Animal’s Hump Day News

Happy Hump Day!

This time, Florida Man isn’t the one who comes off looking like an asshole.  Excerpt:

Just last week, a man in Florida had his firearms confiscated simply because he had the same name as a criminal. That’s right. A man was stripped of his Second Amendment right…because the police failed to differentiate a law-abiding citizen with a thug.

According to Ammoland, Jonathan Carpenter received a certified letter from the Florida Department of Agriculture and Consumer Services saying his concealed handgun permit had been suspended for “acts of domestic violence or acts of repeat violations.”

Carpenter was forced to go to the Osceola County clerk’s office to have a form filled out stating he wasn’t the person law enforcement was looking for. At that point, the clerk instructed Carpenter to speak with the sheriff’s office.

From Ammoland:

The Sheriff’s office supplied Carpenter with a copy of the injunction. In the statement, the plaintiff stated that she rented a room out to a “Jonathan Edward Carpenter” and his girlfriend. She alleged that this Carpenter was a drug dealer who broke her furniture and sold her belongings without her permission. He had a gun, and she feared for her life. She was not sure if the firearm was legal or not.

Carpenter had never met the woman in question and never lived at the address listed in the restraining order. Moreover, other than being white, he looked nothing like the man the terrorized the woman.

The man in question is 5’8. Carpenter is 5’11. The alleged drug dealer is 110lbs. Carpenter is over 200. The man has black hair. Carpenter is completely bald. Last but not least, the man in question is covered in tattoos, and Carpenter only has a few.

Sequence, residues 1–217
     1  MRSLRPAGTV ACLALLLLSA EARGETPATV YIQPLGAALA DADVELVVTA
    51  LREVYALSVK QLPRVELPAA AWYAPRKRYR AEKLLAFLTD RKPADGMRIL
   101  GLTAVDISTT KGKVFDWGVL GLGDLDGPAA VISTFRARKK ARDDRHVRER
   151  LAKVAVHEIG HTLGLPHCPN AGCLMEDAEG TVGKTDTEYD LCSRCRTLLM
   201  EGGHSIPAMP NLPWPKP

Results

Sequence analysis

Even though it was evident they had the wrong man, Carpenter was forced to hand over his firearms. There was no hearing or any kind of court proceeding. 

This is so stupidly unconstitutional it’s not even funny.  Here’s the Fifth Amendment:

Amendment V

No person shall be held to answer for a capital, or otherwise infamous crime, unless on a presentment or indictment of a grand jury, except in cases arising in the land or naval forces, or in the militia, when in actual service in time of war or public danger; nor shall any person be subject for the same offense to be twice put in jeopardy of life or limb; nor shall be compelled in any criminal case to be a witness against himself, nor be deprived of life, liberty, or property, without due process of law; nor shall private property be taken for public use, without just compensation.

Jonathan Carpenter was deprived of his property without due process.  No judge was involved.  No court order was filed.  Carpenter had no opportunity to confront his accuser.  The accuser wasn’t even talking about him, just some asshole who happened to have the same name.

Red Flag laws are the subject of much discussion right now.  Proponents of those laws – in both parties – assure us that the law-abiding citizen has nothing to worry about; that due process will always apply; that nobody’s property will be capriciously confiscated.

Well, tell that to Jon Carpenter.  He has a long road, a great deal of expense, and a nebulously defined path ahead to get back his own damn property that the government had no business taking in the first place.

And if he had refused to comply, the Osceola County authorities would have flung him into a cell.

If that’s not a horrendous injustice, I don’t know what is.